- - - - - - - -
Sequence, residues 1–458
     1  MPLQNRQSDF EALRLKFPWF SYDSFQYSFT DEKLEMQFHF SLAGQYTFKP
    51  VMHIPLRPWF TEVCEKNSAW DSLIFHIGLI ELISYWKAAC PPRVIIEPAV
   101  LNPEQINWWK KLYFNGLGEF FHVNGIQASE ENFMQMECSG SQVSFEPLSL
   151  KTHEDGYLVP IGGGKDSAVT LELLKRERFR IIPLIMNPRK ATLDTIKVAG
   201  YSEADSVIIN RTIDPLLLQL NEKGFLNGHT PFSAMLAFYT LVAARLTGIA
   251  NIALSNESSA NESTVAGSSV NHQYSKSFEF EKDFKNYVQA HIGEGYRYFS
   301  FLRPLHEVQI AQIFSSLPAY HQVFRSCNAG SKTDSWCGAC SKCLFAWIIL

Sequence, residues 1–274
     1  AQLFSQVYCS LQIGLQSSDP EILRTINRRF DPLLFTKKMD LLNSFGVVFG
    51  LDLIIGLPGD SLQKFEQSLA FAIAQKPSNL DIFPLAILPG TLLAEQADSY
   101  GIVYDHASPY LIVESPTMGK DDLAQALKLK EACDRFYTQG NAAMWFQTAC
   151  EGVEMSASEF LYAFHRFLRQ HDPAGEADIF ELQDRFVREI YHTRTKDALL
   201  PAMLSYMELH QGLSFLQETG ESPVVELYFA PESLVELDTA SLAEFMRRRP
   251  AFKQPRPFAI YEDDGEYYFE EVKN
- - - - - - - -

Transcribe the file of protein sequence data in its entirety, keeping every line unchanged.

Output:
Sequence, residues 1–458
     1  MPLQNRQSDF EALRLKFPWF SYDSFQYSFT DEKLEMQFHF SLAGQYTFKP
    51  VMHIPLRPWF TEVCEKNSAW DSLIFHIGLI ELISYWKAAC PPRVIIEPAV
   101  LNPEQINWWK KLYFNGLGEF FHVNGIQASE ENFMQMECSG SQVSFEPLSL
   151  KTHEDGYLVP IGGGKDSAVT LELLKRERFR IIPLIMNPRK ATLDTIKVAG
   201  YSEADSVIIN RTIDPLLLQL NEKGFLNGHT PFSAMLAFYT LVAARLTGIA
   251  NIALSNESSA NESTVAGSSV NHQYSKSFEF EKDFKNYVQA HIGEGYRYFS
   301  FLRPLHEVQI AQIFSSLPAY HQVFRSCNAG SKTDSWCGAC SKCLFAWIIL

Sequence, residues 1–274
     1  AQLFSQVYCS LQIGLQSSDP EILRTINRRF DPLLFTKKMD LLNSFGVVFG
    51  LDLIIGLPGD SLQKFEQSLA FAIAQKPSNL DIFPLAILPG TLLAEQADSY
   101  GIVYDHASPY LIVESPTMGK DDLAQALKLK EACDRFYTQG NAAMWFQTAC
   151  EGVEMSASEF LYAFHRFLRQ HDPAGEADIF ELQDRFVREI YHTRTKDALL
   201  PAMLSYMELH QGLSFLQETG ESPVVELYFA PESLVELDTA SLAEFMRRRP
   251  AFKQPRPFAI YEDDGEYYFE EVKN